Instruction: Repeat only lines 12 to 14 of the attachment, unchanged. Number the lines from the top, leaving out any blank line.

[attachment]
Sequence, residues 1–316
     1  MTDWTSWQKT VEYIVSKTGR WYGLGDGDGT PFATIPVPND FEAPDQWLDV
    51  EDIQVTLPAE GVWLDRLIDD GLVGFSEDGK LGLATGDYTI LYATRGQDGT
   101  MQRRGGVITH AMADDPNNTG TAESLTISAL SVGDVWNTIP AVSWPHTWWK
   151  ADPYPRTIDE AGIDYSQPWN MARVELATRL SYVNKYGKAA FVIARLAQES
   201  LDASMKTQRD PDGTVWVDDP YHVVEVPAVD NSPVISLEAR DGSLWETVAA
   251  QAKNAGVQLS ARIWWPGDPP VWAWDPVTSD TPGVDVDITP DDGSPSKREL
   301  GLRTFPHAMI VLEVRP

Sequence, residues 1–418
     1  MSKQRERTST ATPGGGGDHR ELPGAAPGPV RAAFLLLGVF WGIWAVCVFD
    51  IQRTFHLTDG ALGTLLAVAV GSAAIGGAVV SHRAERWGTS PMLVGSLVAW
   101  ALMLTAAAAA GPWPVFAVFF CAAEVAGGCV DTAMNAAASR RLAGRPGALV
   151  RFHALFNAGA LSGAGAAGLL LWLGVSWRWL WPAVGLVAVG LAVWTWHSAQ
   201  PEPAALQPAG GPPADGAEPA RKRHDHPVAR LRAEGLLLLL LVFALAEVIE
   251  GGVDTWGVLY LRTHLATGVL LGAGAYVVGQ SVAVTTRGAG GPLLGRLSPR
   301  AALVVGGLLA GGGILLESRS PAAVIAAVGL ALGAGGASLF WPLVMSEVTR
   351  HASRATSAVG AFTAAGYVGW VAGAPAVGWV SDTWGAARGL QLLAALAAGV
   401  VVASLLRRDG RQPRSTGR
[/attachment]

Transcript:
   101  ALMLTAAAAA GPWPVFAVFF CAAEVAGGCV DTAMNAAASR RLAGRPGALV
   151  RFHALFNAGA LSGAGAAGLL LWLGVSWRWL WPAVGLVAVG LAVWTWHSAQ
   201  PEPAALQPAG GPPADGAEPA RKRHDHPVAR LRAEGLLLLL LVFALAEVIE